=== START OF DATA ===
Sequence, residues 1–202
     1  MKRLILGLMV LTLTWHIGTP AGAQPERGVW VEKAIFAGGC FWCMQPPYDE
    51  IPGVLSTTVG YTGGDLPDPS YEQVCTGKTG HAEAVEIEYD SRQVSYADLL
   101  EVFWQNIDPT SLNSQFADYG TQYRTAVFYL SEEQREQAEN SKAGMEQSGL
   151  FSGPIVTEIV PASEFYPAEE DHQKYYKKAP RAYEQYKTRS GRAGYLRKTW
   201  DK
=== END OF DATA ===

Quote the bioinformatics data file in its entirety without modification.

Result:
Sequence, residues 1–202
     1  MKRLILGLMV LTLTWHIGTP AGAQPERGVW VEKAIFAGGC FWCMQPPYDE
    51  IPGVLSTTVG YTGGDLPDPS YEQVCTGKTG HAEAVEIEYD SRQVSYADLL
   101  EVFWQNIDPT SLNSQFADYG TQYRTAVFYL SEEQREQAEN SKAGMEQSGL
   151  FSGPIVTEIV PASEFYPAEE DHQKYYKKAP RAYEQYKTRS GRAGYLRKTW
   201  DK